In the woods

30 June 2008 | Authors, Reviews

Riina Katajavuori

The tale of Hansel and Gretel is an ancient one, woven around the themes of abandonment, cannibalism, and the terrors of dark forests in those forests’ ancient heyday. Told, edited and retold by the German Brothers Grimm in the early 19th century, the tale’s archetypal magic has inspired composers, writers and artists for hundreds of years.

Riina Katajavuori’s new book of poems, Kerttu ja Hannu (‘Gretel and Hansel’, Tammi, 2007), is an imaginative de-and reconstruction of it. By reversing the traditional order of the names, Katajavuori (born 1968) gives notice that her poems are a her-not-his version of the story, a retelling from Gretel’s perspective.

The first two poems in my set of translations, ‘In the emptiness’ and ‘Beslan’, come from the book’s opening section; the first one foreshadows the fourth section (‘Gretel and Hansel’):

‘There was a lot of chocolate and sharing, shopmobiles and tall spruce trees that father, when he was young, climbed all the way to the top of, because he was unable to fall, then. / Now I enter that forest and don’t give names to anything. Invisible, I walk on the pine needle carpet, shouting now and again to see if someone here would recognise me as their own.’

‘Beslan’ is a requiem for one of the 186 children reported killed in the school siege of 2004 in Beslan, Chechnya, when Russian government forces stormed the school after its takeover by terrorists protesting the second Chechen war. Six-year-old Dzherassa Gappoyeva, a truly lost child, is made to speak to her mother from the beyond.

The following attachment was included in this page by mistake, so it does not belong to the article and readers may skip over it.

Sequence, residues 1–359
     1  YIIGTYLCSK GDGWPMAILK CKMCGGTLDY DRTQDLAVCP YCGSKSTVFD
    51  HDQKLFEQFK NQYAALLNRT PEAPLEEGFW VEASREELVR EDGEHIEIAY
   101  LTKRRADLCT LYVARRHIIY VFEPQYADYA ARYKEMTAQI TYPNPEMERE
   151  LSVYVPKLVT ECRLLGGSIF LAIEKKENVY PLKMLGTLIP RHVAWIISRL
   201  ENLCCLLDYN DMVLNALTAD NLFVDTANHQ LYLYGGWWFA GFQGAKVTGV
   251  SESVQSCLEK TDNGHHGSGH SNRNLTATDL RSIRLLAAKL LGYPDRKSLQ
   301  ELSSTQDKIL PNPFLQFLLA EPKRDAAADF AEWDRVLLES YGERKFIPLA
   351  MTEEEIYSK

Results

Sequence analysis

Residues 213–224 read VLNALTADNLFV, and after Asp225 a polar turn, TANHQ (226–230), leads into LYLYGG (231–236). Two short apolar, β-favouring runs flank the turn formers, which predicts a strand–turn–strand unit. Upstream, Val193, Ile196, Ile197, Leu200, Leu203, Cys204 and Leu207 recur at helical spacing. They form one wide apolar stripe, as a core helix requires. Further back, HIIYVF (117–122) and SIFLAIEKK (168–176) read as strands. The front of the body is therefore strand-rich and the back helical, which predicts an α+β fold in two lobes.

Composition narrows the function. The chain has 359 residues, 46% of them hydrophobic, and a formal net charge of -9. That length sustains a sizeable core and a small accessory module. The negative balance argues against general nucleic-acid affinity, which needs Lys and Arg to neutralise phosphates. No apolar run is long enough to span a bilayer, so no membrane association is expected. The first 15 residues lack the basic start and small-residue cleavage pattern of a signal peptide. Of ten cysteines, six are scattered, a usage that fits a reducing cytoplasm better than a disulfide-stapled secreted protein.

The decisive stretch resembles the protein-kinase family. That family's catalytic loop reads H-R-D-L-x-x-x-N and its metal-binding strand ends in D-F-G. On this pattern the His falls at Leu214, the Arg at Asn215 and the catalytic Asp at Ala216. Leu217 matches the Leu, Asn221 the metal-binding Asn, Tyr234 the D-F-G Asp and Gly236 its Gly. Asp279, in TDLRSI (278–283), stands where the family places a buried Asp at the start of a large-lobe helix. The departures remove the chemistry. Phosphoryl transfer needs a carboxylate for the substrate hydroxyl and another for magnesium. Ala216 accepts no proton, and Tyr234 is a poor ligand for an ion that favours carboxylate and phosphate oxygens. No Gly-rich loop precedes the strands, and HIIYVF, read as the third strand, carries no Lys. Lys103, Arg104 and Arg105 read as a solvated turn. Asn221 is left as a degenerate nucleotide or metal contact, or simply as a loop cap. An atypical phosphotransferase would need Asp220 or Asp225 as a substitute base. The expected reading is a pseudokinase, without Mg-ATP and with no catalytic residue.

Katajavuori’s authorial versatility, amply demonstrated in five collections of poems, two novels and two children’s books, has gone from strength to strength. As in her previous collections, she includes and runs variations on voices from the street, media, and books, framing them with her own laconic, ironic, yet sometimes surprisingly tender propositions.

Section three, ‘Noita syvän synkän metsän’ (‘The witch of the deep dark forest’) consists of three short riffs on Baba Yaga, the witch from the Russian folklore, and the last section, eponymous with the entire book, then proceeds to examine a contemporary sibling relationship within the shimmering framework of the old tale:

‘A long time has passed since Gretel’s and Hansel’s childhood, epochs and views have changed, the great deep forest has been felled. Replaced, now, by radio towers, paved roads, ski lifts…. Gretel and Hansel seek out, separately, certain kinds of non-places, dead zones. Motorways, abandoned wastelands, construction sites, patches of natural growth, urban pastures.’

On the foundation, the metaphorical underpinning, of the old tale, Katajavuori has constructed a multifaceted serial poem around the themes of sibling affection, shared childhood memories, including traumatic ones; bonding, regrets, parallel yet divergent lives. It is also about survival, about who and what survives — inspiring and durable work.

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